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Bird Uses Fish Bait to Catch Dinner

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Bird Uses Fish Bait to Catch Dinner | Ray Pope, Anthony Gray, Green Heron

Green Heron



Another week has gone by, taking us closer to the Wilson County Fair, where I should be manning our booth for, The Wilson Post. Many of our friends and neighbors will be stopping to visit and some will have their picture taken for my special page, "Seen at the Fair". Some of my friends have already asked me if I would be there to snap a picture of them to go into our newspaper.

Birds are still a little scarce, especially since it has been so dry out in the county. As Anthony Gray and myself scout the territory for our feathered friends, we pay the most attention around the bridges and other small culverts where water flows more frequently as every living thing has to have it. Our first good stop was out the Hartsville Pike where Spring Creek flows, headed to empty its contents into Old Hickory Lake. Nary a sound was coming from the area, but as we pulled his van onto the bridge itself, we did scare up a bird that I haven't seen for a few years here.

The little Green Heron, ( Butorides virescens ) hesitated for a couple of minutes before taking flight towards the east. In times past, I remember some of the "old timers" calling this beautiful bird different names than what I had learned at the hands of my fellow members of the bird club. Don't just know how to spell some of these, but I will try to spell them like I have heard them. "Shikepole" was up at the top of my list, while my most favorite was a, "Mileormore", please don't ask why that name came about, but I remember my old best friend growing up, Wayne Barnes' dad use that name quite often.

The Green Heron is a small Heron, topping out at about 18 inches with a longer neck, but keeps it pressed against its body, as it prepares to strike out at some unsuspecting fish or crawdad. These "smarter" than usual birds will also use bait to try and catch their dinner. They will stand as still as a statue and drop an insect into the water, then when something comes up to eat the bug, "bang", lunch is served. I, myself have never seen this happen, but it has been documented by others who have taken the time to watch and study them.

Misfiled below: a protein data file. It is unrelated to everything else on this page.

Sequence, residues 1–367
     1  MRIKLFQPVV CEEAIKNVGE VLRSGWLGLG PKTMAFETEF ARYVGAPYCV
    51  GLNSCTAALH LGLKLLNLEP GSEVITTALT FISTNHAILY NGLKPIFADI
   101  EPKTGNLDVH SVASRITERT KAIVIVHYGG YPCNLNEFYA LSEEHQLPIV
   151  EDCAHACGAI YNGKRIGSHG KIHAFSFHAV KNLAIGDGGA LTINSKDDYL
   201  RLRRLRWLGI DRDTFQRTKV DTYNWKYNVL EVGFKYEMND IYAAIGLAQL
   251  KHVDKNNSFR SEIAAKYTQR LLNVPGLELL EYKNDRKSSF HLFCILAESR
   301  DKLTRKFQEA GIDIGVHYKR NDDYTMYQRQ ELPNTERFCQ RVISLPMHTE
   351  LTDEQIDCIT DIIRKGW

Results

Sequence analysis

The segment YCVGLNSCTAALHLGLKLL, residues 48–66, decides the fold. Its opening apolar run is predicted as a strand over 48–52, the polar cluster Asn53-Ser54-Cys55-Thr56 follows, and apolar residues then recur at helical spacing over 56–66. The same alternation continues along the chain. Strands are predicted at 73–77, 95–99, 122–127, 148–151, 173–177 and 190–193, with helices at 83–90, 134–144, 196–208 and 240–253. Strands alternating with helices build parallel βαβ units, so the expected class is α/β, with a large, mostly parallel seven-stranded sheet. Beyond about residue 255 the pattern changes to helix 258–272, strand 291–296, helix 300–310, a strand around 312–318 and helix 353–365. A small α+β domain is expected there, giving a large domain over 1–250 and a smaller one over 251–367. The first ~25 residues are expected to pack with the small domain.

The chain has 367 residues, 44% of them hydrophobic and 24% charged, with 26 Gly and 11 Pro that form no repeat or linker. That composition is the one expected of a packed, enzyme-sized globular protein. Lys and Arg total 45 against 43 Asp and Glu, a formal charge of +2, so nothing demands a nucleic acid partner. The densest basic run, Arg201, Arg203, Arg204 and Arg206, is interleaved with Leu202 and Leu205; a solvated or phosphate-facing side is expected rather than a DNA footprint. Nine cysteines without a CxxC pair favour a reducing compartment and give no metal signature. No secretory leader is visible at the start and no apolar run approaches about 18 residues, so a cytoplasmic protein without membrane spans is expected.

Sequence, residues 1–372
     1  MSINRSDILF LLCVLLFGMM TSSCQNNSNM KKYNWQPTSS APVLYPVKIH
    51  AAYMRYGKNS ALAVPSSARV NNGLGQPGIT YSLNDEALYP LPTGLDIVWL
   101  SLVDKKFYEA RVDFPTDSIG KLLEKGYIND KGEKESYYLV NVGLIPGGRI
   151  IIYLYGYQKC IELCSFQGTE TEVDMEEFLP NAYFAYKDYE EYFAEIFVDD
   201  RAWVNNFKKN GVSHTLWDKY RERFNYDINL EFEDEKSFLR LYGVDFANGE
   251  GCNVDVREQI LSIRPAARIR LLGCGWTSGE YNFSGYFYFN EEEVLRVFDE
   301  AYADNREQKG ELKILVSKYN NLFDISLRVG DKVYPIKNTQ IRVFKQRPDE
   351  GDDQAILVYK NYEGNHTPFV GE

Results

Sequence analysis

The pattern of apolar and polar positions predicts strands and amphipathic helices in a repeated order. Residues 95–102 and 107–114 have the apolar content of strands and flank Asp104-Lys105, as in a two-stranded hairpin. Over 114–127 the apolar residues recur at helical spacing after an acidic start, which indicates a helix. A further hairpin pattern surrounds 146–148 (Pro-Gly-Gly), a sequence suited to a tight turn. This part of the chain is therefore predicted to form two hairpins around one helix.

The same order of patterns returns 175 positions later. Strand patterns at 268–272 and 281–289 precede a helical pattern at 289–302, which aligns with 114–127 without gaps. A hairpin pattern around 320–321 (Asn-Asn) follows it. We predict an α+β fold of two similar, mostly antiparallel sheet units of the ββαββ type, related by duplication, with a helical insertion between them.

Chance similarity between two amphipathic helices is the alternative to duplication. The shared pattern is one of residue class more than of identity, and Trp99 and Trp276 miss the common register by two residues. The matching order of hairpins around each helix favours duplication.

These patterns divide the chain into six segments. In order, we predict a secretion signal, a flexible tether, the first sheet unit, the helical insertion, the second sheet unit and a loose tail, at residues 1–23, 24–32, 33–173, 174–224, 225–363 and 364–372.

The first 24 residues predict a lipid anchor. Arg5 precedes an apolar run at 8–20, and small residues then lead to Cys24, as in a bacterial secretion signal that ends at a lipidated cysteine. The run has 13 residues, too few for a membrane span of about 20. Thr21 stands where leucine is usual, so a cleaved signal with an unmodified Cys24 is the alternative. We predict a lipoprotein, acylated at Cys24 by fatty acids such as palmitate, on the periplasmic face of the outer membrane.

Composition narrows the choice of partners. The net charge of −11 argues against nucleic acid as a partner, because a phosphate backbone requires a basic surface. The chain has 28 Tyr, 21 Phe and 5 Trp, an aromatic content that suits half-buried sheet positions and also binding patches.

Adults have a glossy greenish-black cap, with a greenish back and wings, a chestnut colored neck with a white line down the front, gray underparts with short yellow legs. Their bill is dark and with a long sharp point, to aid in it's fish catching ability. I know that I, for one don't want to be on the receiving end of a quick jab of one of them.

The male goes through an intense mating ritual and chooses the site where they construct a nest of sticks, usually over water, where the female will lay a clutch of 2 to 6 pale green eggs, which are laid in 2 day intervals. Both parents incubate the eggs which take from 19 to 21 days before they hatch. The young do not fledge until they are about 30 to 35 days old.

Since we are in a dry period, some flowers will not be producing nectar as they have in the past. This should mean that our Ruby-throated Hummingbirds should be a little more active at your feeders. There have been more reports of activity from many of my friends to prove this out. One of my Hummers even tried to find a place to drink nectar from one of my resident Cardinals. He flew all around the bright red bird, probably making it wonder what was going on. I also have an old tube seed feeder that is red, and most days, I will see them checking it out.

I would love to hear from you as to what's lurking about in your neighborhood and at your feeders. You can write me at, 606 Fairview Ave., Lebanon, TN, 37087, or e-mail me at, rpope15@bellsouth.net

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Anthony Gray, Green Heron, Ray Pope
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